That is I think the issue re tenderness between two people. It is abhorrent that tenderness should be reduced to dominance for the pleasure of one at the expense of another. This is teaching from God and is also able to be written. But the letter kills if the thought taken from it is not in God also.

    Such tenderness is demonstrated in the life of Jesus. The refusal to distance himself from tenderness even when faced with his own death places him in a broad place. (Psalm 18 vv 20 and 37 Hebrew numbering).

    Somehow, we too should learn from that same source - not words alone, as if that were possible, but words mediated in the body of tradition and in the Spirit that continually meditates on these things with a mind open to new questions. I say we, because the learning is difficult for the 'assembly' - the body politic - as well as for each of us. I did not arrive at open and inclusive conclusions about homosexuality via some 'straight' path - as if all teaching has one meaning only.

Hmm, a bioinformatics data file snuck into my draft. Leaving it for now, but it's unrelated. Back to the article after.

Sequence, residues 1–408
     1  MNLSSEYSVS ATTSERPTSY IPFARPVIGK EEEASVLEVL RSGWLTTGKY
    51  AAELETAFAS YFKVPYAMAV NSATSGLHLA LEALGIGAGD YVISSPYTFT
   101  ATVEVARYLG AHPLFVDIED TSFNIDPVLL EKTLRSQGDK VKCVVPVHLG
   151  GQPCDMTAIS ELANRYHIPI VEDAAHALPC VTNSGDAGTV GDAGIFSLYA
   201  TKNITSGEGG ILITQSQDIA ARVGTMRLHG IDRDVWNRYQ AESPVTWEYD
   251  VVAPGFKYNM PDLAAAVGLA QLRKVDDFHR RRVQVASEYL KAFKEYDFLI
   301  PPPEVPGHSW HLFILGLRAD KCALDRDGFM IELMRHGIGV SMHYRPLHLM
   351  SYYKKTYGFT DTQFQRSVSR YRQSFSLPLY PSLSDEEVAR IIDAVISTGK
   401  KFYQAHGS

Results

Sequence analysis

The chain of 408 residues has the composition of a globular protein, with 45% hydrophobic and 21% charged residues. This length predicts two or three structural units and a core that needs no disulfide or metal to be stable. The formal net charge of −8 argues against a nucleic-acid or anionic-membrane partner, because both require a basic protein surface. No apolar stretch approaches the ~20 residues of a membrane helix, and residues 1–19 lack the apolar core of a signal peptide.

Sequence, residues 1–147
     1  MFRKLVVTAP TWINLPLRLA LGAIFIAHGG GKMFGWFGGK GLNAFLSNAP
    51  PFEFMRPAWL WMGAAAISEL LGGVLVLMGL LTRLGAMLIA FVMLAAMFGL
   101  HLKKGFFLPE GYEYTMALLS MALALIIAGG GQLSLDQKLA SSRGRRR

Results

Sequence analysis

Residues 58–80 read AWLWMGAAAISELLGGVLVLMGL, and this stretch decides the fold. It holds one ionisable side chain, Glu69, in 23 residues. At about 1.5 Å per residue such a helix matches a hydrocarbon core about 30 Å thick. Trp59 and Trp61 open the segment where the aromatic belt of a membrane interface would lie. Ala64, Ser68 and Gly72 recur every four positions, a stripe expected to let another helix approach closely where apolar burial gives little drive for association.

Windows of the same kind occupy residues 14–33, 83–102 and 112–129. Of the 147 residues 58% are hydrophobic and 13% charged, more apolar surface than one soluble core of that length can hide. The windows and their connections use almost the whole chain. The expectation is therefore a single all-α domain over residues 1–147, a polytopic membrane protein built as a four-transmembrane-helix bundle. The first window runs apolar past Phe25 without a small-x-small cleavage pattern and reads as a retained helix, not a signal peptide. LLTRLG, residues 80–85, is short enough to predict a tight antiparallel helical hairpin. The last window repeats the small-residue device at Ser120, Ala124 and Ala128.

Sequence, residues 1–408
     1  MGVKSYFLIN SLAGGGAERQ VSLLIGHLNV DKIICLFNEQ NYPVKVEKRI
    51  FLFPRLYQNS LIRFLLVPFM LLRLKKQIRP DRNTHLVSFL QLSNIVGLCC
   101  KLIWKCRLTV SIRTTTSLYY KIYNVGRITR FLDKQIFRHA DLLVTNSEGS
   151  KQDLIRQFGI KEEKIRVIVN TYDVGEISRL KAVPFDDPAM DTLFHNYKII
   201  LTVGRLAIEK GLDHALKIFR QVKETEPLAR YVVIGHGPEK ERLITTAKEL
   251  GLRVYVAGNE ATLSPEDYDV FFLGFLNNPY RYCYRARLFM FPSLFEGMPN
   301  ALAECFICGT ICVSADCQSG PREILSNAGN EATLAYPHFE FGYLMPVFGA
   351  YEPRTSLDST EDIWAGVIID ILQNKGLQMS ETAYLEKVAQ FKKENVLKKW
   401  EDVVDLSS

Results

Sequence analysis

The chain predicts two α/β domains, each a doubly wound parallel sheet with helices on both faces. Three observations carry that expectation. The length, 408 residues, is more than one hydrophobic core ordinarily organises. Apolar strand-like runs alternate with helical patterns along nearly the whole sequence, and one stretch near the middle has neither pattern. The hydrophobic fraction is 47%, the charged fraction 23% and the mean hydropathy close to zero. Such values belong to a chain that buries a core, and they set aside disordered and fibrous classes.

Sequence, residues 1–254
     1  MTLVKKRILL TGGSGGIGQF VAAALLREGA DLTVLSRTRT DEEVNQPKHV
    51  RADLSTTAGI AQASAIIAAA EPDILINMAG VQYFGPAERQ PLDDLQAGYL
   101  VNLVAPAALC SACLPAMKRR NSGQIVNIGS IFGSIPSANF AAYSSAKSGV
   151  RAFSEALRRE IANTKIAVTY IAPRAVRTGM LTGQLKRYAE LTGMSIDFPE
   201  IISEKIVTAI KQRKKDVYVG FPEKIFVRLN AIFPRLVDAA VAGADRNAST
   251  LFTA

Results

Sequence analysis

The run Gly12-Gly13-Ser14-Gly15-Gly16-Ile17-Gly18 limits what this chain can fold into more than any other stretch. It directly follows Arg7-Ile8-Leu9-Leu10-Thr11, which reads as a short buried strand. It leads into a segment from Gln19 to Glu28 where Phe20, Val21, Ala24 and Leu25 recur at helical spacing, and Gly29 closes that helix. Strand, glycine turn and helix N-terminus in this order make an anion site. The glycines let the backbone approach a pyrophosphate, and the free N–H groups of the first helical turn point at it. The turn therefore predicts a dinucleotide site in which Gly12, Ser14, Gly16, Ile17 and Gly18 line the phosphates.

There is lots of teaching, by the way, that I do not embrace. Some is foreign to me because of the tradition and culture I have grown up in, and some I consider devoid of experiential base. It is a difficult problem to be inclusive when one does not tolerate some things. But I have boiled my expressible reasons down to exclusion of violence, exploitation, fear, and things like that. If I am motivated by 'fear' - as if I might offend God by my acceptance of friends whose life-style is different from mine, then I think I am not hearing the teaching that is from God.

    One of the difficulties with sexual issues be they same or other gender, is that our individual learning is complex and tortuous. Kindness is the first priority when the task is difficult.

  2. Hi Bob. I'd probably have to read your comment again. My impression from my first reading is that you're talking about an interpretation of Scripture that coincides with tenderness, and also a dialogue with Scripture.

  3. Yes - I think tenderness coincides with Scripture.